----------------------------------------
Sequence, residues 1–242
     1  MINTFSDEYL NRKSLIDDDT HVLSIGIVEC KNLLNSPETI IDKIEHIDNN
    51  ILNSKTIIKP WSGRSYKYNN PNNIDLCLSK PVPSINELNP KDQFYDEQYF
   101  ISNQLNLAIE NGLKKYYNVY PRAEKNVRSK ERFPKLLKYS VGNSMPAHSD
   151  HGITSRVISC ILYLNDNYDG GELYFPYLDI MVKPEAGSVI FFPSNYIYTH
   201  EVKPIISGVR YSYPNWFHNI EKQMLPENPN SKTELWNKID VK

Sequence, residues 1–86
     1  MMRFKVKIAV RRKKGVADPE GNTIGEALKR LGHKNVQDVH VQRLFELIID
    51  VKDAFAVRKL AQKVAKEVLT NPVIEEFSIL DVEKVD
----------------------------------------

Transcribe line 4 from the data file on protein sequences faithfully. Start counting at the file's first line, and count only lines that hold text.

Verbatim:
   101  ISNQLNLAIE NGLKKYYNVY PRAEKNVRSK ERFPKLLKYS VGNSMPAHSD